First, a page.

Reduced metals are widely used to enhance remediation for a wide variety of contaminants in groundwater and soil/sediment. SiREM performs both microcosm and column studies for reduced metals applications using granular, nanoscale and micro-scale zero valent iron (ZVI), zero-valent magnesium, zinc and reduced iron minerals (e.g., siderite). Reduced metals microcosm studies are constructed using site groundwater and aquifer material to evaluate
- Design loading rates
- Effectiveness of specific reduced metals for remediation of contaminants
- Particle size comparison (granular versus micro or nanoscale)
- Use of bi-metallic particles (e.g., Mg-ZVI, Pd-ZVI)
- Comparison of emulsion formulations, sources or vendors
- Assessing biological/reduced metals interactions
ZVI Column Studies
ZVI continuous flow column studies are a critical step in the design process for permeable reactive barriers for groundwater remediation…
Permeable reactive barriers (PRBs) constructed with granular zero-valent iron (ZVI) are a proven remedial technology for treatment of chlorinated solvent groundwater plumes.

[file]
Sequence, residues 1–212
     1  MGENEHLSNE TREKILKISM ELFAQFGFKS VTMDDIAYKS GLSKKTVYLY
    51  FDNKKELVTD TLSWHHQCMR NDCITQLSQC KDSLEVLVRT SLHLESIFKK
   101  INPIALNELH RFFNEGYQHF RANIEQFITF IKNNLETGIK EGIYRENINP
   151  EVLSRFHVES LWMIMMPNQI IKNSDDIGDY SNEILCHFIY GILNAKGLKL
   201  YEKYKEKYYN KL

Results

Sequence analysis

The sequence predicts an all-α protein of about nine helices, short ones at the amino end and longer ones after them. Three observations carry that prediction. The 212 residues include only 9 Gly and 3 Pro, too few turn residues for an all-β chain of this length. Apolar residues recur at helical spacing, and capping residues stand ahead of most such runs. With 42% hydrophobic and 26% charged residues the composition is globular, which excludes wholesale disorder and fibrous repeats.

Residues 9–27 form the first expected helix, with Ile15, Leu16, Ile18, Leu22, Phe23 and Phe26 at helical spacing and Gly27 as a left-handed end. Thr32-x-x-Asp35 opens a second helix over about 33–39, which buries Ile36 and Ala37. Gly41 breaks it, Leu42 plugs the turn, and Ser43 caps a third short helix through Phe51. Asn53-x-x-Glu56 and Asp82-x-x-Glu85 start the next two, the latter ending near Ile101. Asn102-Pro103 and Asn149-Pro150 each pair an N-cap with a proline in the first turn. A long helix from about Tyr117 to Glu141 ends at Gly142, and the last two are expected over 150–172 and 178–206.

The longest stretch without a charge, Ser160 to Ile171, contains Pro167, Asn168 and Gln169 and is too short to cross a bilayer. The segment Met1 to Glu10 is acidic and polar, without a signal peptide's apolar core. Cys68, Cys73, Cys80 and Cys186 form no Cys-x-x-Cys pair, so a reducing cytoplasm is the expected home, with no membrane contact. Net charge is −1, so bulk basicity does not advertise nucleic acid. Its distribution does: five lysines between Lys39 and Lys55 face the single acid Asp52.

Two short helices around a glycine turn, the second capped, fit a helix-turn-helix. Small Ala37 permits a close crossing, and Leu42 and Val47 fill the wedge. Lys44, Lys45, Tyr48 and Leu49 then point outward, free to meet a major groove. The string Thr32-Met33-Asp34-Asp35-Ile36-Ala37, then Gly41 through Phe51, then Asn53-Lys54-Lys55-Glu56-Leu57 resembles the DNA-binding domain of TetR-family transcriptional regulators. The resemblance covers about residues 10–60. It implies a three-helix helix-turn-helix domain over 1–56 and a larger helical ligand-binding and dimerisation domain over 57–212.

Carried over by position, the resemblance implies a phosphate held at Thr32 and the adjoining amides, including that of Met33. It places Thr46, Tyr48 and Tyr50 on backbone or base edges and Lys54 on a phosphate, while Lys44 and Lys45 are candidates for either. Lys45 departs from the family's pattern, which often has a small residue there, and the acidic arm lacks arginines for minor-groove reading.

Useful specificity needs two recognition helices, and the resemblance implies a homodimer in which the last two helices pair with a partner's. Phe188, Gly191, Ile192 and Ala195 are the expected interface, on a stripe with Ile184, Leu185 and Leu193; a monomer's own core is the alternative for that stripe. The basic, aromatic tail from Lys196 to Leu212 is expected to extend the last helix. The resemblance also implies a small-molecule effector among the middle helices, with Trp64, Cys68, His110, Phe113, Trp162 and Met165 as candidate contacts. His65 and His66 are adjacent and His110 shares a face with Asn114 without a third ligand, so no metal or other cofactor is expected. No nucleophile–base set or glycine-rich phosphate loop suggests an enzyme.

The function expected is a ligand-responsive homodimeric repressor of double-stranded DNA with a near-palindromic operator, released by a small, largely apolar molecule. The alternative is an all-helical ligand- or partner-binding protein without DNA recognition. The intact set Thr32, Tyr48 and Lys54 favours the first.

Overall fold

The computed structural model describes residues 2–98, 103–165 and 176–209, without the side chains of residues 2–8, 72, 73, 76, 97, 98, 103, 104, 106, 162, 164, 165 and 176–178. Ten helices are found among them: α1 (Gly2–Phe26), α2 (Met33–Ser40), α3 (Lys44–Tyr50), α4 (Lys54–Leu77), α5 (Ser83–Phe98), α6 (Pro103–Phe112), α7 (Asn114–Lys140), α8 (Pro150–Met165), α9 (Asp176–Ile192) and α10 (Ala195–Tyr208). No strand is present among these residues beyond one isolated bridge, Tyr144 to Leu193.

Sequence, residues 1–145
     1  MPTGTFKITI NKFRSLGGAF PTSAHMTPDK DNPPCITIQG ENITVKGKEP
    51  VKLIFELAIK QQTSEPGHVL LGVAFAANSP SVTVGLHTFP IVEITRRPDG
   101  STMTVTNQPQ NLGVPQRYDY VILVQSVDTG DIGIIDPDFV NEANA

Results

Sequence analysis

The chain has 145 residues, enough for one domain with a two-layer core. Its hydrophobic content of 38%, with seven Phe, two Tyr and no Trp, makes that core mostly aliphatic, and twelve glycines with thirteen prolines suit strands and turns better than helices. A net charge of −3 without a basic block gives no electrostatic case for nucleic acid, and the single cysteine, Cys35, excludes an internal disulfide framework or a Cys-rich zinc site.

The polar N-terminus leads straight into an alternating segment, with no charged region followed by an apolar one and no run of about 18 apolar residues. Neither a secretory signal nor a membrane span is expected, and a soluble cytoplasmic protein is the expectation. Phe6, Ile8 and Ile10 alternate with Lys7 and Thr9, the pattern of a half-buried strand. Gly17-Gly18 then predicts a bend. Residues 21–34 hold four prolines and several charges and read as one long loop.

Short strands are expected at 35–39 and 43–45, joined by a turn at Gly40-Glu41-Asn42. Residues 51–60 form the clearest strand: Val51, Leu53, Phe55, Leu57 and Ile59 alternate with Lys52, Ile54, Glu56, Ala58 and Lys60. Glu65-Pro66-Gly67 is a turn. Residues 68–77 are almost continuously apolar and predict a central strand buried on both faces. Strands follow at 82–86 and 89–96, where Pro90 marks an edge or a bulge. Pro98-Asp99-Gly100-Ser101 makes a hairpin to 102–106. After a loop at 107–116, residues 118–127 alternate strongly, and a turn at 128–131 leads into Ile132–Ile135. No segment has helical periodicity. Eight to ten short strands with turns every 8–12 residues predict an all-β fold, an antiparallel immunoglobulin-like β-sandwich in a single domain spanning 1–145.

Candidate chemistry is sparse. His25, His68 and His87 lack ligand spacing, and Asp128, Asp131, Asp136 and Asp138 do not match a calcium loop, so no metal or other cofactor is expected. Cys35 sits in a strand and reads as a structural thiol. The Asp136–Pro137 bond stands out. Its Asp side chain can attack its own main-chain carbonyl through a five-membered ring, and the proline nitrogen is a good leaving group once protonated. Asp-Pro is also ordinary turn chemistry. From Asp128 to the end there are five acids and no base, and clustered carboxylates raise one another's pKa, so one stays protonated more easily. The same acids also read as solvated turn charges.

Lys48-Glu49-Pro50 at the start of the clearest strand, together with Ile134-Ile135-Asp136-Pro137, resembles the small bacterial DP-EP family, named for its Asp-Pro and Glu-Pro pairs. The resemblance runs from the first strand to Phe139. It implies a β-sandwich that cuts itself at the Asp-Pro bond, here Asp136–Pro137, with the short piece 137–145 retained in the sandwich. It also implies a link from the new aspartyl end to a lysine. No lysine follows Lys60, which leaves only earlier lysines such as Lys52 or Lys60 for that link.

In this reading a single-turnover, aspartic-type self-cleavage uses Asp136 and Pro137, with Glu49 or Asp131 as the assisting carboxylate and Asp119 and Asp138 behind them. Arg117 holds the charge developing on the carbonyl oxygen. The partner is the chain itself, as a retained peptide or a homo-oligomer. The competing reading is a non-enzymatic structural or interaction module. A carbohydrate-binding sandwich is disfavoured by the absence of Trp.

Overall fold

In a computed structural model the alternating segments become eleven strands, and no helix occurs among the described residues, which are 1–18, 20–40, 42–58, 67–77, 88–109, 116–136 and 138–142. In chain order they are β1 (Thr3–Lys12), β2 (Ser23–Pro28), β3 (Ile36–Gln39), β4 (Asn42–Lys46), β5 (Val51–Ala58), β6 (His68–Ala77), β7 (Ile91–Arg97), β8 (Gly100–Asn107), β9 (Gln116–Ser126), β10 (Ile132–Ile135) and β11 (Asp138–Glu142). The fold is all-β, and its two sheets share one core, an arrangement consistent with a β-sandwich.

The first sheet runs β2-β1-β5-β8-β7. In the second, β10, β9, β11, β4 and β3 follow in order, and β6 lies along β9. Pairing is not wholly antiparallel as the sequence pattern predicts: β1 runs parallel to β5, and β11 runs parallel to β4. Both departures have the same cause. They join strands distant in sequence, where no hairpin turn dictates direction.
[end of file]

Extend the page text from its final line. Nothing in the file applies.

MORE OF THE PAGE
SiREM is the leading industry provider of granular ZVI column studies. These continuous flow column studies simulate the movement of groundwater through a PRB and typically last 1 to 2 months based on typical groundwater flow velocities. ZVI column studies can be used to evaluate key PRB design parameters including:
- Degradation half-lives for contaminants and assessment of breakdown products to rule out incomplete degradation etc.
- PRB residence time required to achieve site-specific remedial goals.
- PRB design thickness, determined using the residence time and the expected groundwater flow velocity.
- Treatment longevity. Geochemical gradients, which are indicators of mineral precipitation and reactivity loss, are used to assess the site-specific potential for passivation and fouling of ZVI.
- Product selection. ZVI column studies can be performed with several candidate ZVI materials, ZVI-sand mixtures, or dispersed ZVI zones simulating emplacement by injection techniques.